For the first time in our history a candidate representing the left has won the federal seat of Kooyong. This result does not surprise me. At the 2018 Victorian state election three of the four electorates within Kooyong were lost by the Liberals to Labor. I held Kew, where Bob Menzies lived, because the locals, many of whom don’t like me, knew what I stood for. Until my forced retirement from state politics this November, I will be the only lower house Liberal MP representing a part of the seat of Kooyong. The Liberals or its predecessor parties have held the seat of Kew for 95 years, Kooyong for 121 years, and I suspect before this year is out, based on last Saturday’s results, the Liberals will have no lower house representation at all where the party was founded.
The causes of the defeat in Kooyong to the ‘teals’ can be applied across Australia, indeed it’s a global phenomenon that wealthy inner-urban elites are voting for the Left.
The Liberal campaign in Kooyong had no message, aside from ‘Keep Josh’, but most importantly it said nothing about what the Liberal party stands for that will improve the lives of the people of Kooyong or anywhere else in the years ahead. Nothing about repaying the enormous debt our country now owes, reducing the cost of doing business, improving the standard of teaching or the national curriculum. The good idea of allowing first-homebuyers to access their superannuation for a deposit was too little too late.
This was the Liberal party’s problem for the last seven years of this government. Essentially Morrison argued he could manage the federal government better than Labor. In 2019 the government successfully argued that it had a point of economic policy difference with Bill Shorten and unfortunately they assumed it could be repeated in 2022. Albanese didn’t make the same mistakes as Shorten, and because the government failed to provide a vision and an economic narrative for why they deserved a rare fourth term, they lost, and the Treasurer lost his seat.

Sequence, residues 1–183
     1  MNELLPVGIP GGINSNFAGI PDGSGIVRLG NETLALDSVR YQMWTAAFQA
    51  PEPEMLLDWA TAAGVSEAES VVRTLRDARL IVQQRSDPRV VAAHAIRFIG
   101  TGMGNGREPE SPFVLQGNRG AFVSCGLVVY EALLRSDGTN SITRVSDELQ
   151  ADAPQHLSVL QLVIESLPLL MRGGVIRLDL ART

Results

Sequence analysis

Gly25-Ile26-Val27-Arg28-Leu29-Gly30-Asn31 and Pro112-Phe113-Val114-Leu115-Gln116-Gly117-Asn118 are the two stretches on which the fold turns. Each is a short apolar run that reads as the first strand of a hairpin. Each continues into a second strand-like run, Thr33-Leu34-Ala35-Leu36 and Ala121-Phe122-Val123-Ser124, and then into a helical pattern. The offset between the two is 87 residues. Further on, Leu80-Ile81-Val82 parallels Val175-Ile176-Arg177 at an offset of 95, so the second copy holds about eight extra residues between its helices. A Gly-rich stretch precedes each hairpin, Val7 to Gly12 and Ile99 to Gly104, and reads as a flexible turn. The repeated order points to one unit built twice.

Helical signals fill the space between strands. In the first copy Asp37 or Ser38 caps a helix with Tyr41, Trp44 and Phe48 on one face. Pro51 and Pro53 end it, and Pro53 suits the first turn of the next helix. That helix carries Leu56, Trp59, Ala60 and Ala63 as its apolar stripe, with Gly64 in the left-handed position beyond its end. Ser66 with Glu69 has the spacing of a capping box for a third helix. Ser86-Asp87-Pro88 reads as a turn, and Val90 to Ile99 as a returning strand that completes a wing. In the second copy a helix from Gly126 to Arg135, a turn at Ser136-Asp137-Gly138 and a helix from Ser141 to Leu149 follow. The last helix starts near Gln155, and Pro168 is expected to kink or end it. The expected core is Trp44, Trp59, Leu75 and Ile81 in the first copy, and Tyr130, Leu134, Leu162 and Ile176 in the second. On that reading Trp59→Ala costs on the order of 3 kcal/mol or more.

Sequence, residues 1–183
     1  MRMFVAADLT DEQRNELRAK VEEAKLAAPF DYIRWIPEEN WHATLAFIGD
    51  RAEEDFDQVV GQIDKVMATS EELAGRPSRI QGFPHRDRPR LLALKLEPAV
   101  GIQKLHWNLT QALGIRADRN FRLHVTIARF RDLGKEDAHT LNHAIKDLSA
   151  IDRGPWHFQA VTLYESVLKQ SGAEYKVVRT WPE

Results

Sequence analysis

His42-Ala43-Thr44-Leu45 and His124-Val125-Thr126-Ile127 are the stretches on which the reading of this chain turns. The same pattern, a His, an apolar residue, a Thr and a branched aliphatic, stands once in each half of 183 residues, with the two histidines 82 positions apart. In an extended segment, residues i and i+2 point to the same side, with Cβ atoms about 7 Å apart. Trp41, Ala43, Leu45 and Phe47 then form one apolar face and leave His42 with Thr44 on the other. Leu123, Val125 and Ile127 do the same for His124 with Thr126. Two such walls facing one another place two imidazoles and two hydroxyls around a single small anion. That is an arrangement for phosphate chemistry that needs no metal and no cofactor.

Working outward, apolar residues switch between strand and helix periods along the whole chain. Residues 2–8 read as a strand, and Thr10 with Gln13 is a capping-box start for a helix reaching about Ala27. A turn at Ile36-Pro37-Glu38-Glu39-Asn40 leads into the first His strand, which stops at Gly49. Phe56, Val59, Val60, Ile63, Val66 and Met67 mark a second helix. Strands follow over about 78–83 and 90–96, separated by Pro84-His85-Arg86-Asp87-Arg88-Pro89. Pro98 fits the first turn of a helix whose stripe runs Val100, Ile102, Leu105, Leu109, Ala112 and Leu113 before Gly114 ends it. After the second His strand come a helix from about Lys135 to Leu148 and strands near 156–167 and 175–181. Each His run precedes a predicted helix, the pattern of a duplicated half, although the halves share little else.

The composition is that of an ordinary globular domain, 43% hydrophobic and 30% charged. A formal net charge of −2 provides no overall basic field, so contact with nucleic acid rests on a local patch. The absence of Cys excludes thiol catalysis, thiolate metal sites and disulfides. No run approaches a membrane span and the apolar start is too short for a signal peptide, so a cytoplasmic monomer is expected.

The government failed to land a glove on Albanese, despite his gaffes, because Scott Morrison did not provide a vision for the future of Australia. Further, Morrison had been mortally wounded during the pandemic by elevating state Labor premiers to positions of national leadership by the madness of the national cabinet experiment. Take for example the vaccine rollout, delivered on time, the largest peacetime logistical exercise ever undertaken by the Commonwealth government, yet the Labor state governments tore it to shreds.
The Liberals leave office with literally the largest debt the nation has ever had. Why? Because the federal government funded state governments, mainly Labor, whose only response to the pandemic was to shut down businesses, lock people in their homes and force children to attempt to learn from home. Victorians either felt attacked by the prime minister from Sydney as Melbourne endured the world’s longest lockdown or abandoned by him, particularly when he ended up backing Daniel Andrews’ incessant lockdowns.
In an electorate as highly educated as Kooyong, not a single attempt was made to point out the irresponsibility of what Dr Ryan, the new MP for Kooyong, was promising; a 60 per cent reduction to emissions by 2030. Labor is promising 43 per cent. The impact on our energy supply, reliability and electricity prices would be extreme at 60 per cent, yet the Liberals never challenged this, nor did they ever raise the alternative base-load energy policy solution of nuclear power. The Liberals in Kooyong were completely out-campaigned by an affluent political amateur because as much as I disagree with her, she stood for something, and it was unclear what her opponent stood for. The Liberals didn’t begin to attempt to hold her to account until it was too late. The last nine years of Coalition government will be regarded similarly to the Fraser years; no economic reform, no real legacy aside from aspects of the pandemic response and the Aukus nuclear-powered submarine agreement.